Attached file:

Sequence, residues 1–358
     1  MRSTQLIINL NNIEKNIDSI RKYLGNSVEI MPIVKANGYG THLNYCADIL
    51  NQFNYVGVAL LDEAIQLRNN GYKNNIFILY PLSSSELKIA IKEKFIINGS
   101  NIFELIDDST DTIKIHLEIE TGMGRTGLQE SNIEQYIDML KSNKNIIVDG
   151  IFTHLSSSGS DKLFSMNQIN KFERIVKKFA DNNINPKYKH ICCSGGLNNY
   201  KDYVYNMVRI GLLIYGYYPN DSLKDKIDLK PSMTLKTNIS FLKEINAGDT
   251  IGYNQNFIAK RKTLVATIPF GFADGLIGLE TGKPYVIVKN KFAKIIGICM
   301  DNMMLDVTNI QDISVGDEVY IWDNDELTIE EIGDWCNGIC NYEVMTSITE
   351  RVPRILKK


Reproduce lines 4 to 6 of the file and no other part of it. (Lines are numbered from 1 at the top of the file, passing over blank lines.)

   101  NIFELIDDST DTIKIHLEIE TGMGRTGLQE SNIEQYIDML KSNKNIIVDG
   151  IFTHLSSSGS DKLFSMNQIN KFERIVKKFA DNNINPKYKH ICCSGGLNNY
   201  KDYVYNMVRI GLLIYGYYPN DSLKDKIDLK PSMTLKTNIS FLKEINAGDT